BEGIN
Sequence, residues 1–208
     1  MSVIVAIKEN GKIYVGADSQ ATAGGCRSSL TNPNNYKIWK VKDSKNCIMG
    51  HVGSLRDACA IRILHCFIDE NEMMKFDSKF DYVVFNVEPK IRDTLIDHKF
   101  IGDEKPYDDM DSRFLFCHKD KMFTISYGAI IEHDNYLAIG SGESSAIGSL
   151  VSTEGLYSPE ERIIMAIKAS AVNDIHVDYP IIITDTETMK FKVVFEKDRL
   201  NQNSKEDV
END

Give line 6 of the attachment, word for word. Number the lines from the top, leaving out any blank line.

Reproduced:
   201  NQNSKEDV